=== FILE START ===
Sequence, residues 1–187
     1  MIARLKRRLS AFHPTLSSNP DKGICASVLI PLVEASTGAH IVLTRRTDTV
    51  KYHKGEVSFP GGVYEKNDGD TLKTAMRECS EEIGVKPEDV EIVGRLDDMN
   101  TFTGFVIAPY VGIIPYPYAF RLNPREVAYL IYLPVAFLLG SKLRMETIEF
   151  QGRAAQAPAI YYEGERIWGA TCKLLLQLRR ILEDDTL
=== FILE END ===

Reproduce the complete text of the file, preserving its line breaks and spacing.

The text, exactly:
Sequence, residues 1–187
     1  MIARLKRRLS AFHPTLSSNP DKGICASVLI PLVEASTGAH IVLTRRTDTV
    51  KYHKGEVSFP GGVYEKNDGD TLKTAMRECS EEIGVKPEDV EIVGRLDDMN
   101  TFTGFVIAPY VGIIPYPYAF RLNPREVAYL IYLPVAFLLG SKLRMETIEF
   151  QGRAAQAPAI YYEGERIWGA TCKLLLQLRR ILEDDTL